Alphabet’s Sidewalk Labs has tapped Thomas Heatherwick‘s studio and architecture firm Snøhetta to develop proposals for the smart, mass-timber city that the company is developing on Toronto’s waterfront.
Renderings by Snøhetta and Heatherwick Studio were used to illustrate a document outlining the updated concepts and proposals for Sidewalk Toronto, a project under development by Sidewalk Labs – a subsidiary of Google’s parent company – and partner Waterfront Toronto.
Released 14 February 2019, the Project Update focuses on the development of the 12-acre (9.5-hectare) Quayside neighbourhood at Parliament Slip – east of the city’s Downtown area on the edge of Lake Ontario. The site makes up a small portion of the Sidewalk Toronto’s scheme, which was first unveiled last year and billed as a “future city”, and is intended as a test bed for later expansion.
Advancing on Sidewalk’s August 2018 update of the parcel, which revealed plans to construct buildings from local and renewable Canadian timber, Snøhetta and Heatherwick Studio’s designs are all wooden.
Visuals by Snøhetta include an exterior image of a pair of high-rises linked by a curved structure. While their uses are not explicit, it is likely the buildings could form part of the housing that Sidewalk Labs plans to include in the new town.
These include models of co-living for singles and purpose-built family dwellings, as well as affordable housing totalling 80 per cent of the accommodation – much more than the average 26 per cent provided in Toronto developments. The amount would also be four times that typically offered in a waterfront development.
Snøhetta’s interior view reveals an exposed gridded wooden construction that outlines a courtyard, showcasing one of the many public arenas intended for the site. A large tree grows up the centre, while translucent screens offer glimpses inside the buildings.
The Sidewalk Toronto HQ, which is intended to bring more Google jobs in the eastern waterfront, features a sunken circular courtyard topped with a bubbly roof, and curvilinear wooden balconies and a bubbly roof.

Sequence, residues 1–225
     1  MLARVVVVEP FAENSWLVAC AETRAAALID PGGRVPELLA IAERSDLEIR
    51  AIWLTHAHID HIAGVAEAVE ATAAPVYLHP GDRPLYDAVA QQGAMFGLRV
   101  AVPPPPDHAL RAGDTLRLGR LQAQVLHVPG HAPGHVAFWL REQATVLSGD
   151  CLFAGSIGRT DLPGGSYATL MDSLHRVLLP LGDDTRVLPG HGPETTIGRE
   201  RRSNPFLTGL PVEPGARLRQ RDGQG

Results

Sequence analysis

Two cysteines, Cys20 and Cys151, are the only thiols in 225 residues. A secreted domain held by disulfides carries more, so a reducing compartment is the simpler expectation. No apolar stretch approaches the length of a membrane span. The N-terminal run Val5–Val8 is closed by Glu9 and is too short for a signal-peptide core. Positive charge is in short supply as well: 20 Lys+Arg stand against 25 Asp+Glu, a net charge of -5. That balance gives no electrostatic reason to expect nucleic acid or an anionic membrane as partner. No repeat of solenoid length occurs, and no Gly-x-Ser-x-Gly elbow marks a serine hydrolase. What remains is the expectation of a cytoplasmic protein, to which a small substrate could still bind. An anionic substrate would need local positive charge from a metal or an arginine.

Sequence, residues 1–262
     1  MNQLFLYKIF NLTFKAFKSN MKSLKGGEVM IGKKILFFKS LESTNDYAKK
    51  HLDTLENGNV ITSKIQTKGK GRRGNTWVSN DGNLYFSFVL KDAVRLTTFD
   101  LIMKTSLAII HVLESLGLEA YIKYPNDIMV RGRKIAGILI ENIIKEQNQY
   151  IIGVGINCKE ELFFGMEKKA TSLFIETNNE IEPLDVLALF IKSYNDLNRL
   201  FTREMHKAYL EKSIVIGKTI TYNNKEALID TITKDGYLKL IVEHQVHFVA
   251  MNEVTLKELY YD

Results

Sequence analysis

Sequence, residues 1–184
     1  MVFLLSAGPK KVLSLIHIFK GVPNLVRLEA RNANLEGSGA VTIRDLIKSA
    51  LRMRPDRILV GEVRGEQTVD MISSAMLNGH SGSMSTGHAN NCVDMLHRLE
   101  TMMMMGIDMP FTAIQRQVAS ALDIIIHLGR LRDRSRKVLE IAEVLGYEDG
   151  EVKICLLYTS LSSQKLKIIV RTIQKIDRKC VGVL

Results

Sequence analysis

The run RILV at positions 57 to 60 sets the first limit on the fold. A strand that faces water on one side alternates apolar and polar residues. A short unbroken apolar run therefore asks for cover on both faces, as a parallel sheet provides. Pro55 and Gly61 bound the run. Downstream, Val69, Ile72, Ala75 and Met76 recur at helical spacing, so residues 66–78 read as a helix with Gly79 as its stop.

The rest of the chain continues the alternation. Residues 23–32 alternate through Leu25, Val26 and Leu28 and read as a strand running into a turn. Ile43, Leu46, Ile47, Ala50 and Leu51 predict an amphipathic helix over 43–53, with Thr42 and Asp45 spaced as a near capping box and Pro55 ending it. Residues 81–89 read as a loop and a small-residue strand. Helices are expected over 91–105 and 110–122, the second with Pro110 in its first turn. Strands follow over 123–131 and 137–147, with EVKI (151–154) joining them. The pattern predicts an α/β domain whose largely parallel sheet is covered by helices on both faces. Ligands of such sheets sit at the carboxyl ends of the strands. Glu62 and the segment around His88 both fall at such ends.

Similar organic forms can be found in Heatherwick’s proposal for another courtyard and a waterfront complex, where buildings are fronted with rounded, slatted balconies. Depicted in snowy conditions, the waterside site also features the “building coats” that would be drawn over to protect the woodwork from harsh weather conditions.
Heatherwick Studio has also developed the Innovation Centre, which Sidewalk Labs intends as a hub for startups and tech companies.
Sidewalk Toronto, which was first unveiled in October 2017, aims to address many urban issues – like affordable housing, traffic congestion and safety, and environmental problems – with smart designs. Sidewalk Labs urban planner Rohit Aggarwala said it could provide a model for cities to use the latest technologies in urban design, in an interview with Dezeen last year.
Following this ethos, the company chose mass timber construction for the neighbourhood to provide an example of an affordable and sustainable built environment. The cradle-to-cradle construction forms part of a wider environmental strategy, along with comprehensive recycling and composting systems, and underground, robotic trash disposal.
The wooden construction would also support the Canada’s timber industry.
The first visuals for the Quayside project were completed by Michael Green Architecture – the firm behind the largest mass-timber building in United States. These explored two types of engineered wood: cross-laminated timber (CLT) and glue-laminated timber, also known as Glulam, which are both significantly stronger than standard wood.
The proposal includes public spaces that are built “modular kit of parts” so that they could easily be rearranged for different uses. Other forward-thinking details in the proposed neighbourhood are the integration of autonomous vehicles and the introduction of larger curbs.
In the latest update, the team developed plans for sourcing data from residents living in the neighbourhood. This had formed a point of contention for many, particularly after the Facebook–Cambridge Analytica data scandal, which saw data allegedly used to influence voters in political campaigns.
However, the revised scheme suggests the establishment of an independent Civic Data Trust, which will de-identify all personal markers before using the data.